Other measures that were taken in the wake of typhoon Yolanda were providing the local communities with new and sustainable sources of income. One great example was the women’s group which was taught how to recycle used plastic rice bags. But not the average recycling that you may think of, no, they weave those rice bags into unique and beautiful bags and pursesto be sold to tourists.
Another Bantayan livelihood project is candle making. 27 women who were affected by the typhoon are now producing 10kg of candles per day and they do it all manually. What an effort.
All those projects are aimed at bettering people’s lives, providing them with new income opportunities and improving the island’s overall social situation. Every little step counts and from what I have heard and now seen in person, Bantayan is on the forefront on charitable groundwork like this. A pioneering example and maybe also an alternative for other communities.
Authenticity, flair and local charm
Santa Fé town can be bustling at times, making for a great party at night complete with bars, live music and videoke. Whereas this is nice to have, it doesn’t take much to get away from it all and experience the islands true and authentic character. As you drive across the countryside, you will pass by traditional settlements, see abandoned bankas in the middle of nowhere, fishermen preparing their nets or the locals shooting hoops on makeshift basketball courts.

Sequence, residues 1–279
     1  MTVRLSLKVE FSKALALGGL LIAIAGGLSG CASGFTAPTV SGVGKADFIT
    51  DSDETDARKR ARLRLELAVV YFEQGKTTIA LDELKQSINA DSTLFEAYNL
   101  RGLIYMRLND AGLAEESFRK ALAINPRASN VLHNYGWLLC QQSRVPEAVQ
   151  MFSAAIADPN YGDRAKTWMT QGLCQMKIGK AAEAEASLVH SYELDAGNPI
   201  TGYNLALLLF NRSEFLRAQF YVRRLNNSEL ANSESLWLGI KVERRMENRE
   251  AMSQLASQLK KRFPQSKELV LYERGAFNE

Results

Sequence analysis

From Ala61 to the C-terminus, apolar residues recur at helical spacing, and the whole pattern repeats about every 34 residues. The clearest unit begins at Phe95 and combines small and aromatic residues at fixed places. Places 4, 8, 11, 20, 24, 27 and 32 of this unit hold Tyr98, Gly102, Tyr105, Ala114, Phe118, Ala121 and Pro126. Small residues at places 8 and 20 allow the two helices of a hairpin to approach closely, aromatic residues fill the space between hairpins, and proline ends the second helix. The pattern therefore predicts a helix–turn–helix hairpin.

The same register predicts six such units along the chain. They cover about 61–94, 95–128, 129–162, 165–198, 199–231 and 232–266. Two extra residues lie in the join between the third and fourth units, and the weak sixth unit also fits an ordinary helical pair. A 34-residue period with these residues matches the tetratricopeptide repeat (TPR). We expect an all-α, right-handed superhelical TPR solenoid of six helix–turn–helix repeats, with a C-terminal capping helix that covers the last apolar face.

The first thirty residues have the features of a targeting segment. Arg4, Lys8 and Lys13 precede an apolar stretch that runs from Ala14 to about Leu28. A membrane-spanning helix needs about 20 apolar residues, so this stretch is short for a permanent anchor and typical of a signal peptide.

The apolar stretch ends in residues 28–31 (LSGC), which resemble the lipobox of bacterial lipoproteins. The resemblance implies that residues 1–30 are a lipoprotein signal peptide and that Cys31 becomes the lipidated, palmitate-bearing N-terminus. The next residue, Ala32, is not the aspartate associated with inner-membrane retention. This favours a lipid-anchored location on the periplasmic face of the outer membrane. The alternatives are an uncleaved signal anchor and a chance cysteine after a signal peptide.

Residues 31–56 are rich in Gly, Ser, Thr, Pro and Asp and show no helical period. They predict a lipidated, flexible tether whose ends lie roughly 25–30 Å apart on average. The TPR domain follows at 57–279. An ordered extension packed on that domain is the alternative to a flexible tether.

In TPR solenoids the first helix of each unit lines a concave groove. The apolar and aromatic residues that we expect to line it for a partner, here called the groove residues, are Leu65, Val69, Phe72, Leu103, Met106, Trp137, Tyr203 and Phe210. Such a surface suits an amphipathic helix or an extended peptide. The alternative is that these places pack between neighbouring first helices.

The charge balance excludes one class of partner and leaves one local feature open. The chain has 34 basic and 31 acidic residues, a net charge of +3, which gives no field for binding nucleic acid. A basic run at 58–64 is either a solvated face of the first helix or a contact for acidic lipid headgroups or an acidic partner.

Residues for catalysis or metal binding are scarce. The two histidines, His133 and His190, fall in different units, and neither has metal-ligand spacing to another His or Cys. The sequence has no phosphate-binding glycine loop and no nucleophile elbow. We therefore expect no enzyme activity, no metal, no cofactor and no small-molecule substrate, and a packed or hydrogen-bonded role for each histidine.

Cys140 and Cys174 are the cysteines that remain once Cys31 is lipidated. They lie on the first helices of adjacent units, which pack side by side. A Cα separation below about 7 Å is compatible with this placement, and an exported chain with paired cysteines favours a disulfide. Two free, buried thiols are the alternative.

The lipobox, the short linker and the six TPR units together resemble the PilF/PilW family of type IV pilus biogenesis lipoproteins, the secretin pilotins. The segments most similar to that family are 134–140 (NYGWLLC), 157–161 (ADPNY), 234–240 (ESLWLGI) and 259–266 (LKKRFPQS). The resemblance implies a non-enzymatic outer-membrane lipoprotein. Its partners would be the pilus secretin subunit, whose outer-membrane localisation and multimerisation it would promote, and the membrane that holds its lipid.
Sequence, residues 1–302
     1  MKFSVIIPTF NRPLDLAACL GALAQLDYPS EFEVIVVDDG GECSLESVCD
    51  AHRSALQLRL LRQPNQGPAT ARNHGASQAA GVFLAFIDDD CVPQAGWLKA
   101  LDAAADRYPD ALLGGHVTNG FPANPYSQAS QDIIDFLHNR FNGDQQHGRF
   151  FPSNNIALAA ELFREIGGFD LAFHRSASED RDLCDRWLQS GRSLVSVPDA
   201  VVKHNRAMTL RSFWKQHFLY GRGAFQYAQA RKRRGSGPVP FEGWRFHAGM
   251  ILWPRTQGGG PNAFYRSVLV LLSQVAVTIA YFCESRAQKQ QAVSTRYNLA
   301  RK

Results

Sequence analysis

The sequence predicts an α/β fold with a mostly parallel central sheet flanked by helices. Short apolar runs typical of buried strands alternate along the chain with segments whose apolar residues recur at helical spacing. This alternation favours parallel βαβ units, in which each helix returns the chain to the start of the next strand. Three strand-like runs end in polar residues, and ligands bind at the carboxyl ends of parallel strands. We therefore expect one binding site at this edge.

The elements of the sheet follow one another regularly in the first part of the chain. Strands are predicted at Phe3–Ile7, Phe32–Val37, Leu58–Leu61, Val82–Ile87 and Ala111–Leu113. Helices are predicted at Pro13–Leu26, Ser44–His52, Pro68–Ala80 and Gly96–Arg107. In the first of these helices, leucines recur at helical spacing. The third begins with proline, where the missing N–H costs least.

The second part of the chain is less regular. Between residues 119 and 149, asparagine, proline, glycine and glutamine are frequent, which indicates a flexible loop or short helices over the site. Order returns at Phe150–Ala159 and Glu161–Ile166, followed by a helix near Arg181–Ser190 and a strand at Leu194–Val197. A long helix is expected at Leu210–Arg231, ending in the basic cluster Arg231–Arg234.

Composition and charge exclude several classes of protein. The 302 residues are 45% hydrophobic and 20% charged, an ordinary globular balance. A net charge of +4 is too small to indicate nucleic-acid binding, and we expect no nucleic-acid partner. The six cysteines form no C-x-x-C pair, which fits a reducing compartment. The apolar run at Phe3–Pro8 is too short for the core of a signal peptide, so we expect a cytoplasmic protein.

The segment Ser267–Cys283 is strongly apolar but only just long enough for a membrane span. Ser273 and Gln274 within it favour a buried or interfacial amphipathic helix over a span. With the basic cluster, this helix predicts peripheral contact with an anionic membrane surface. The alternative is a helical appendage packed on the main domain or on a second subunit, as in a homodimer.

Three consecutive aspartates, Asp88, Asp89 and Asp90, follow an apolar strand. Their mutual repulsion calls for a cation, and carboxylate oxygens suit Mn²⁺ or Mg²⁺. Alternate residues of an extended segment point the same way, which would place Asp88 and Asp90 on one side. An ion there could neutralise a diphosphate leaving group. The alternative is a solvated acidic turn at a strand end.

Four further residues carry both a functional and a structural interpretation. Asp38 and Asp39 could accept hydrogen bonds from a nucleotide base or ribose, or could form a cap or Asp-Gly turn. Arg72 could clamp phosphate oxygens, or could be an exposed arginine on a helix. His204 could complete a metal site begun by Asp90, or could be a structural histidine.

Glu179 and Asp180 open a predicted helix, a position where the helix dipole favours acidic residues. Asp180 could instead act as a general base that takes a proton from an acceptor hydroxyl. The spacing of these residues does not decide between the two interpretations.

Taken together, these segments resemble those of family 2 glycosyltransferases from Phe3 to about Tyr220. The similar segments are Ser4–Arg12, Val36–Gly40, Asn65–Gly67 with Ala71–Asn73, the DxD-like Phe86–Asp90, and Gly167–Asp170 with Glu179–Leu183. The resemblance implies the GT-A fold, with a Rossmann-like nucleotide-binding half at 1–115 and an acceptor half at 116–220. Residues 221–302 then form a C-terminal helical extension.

The town of Bantayan is a great starting point if you are after a truly authentic experience. You can visit the traditional market which sells so called dry and wet goods or play basketball in under the floodlights of the court right smack in the center of town. A one of a kind event however is a traditional “Bayle”, a sort of party in the street where people come together to play games, party, drink and have a merry good time. Kindergarten children or grandparents, everybody joins in. We were lucky enough to take part in such an event and even my Filipino friends considered this something typical Filipino with a long tradition. So if you have the chance, try to attend one of the islands Bayles or Fiestas, it is sure worth it.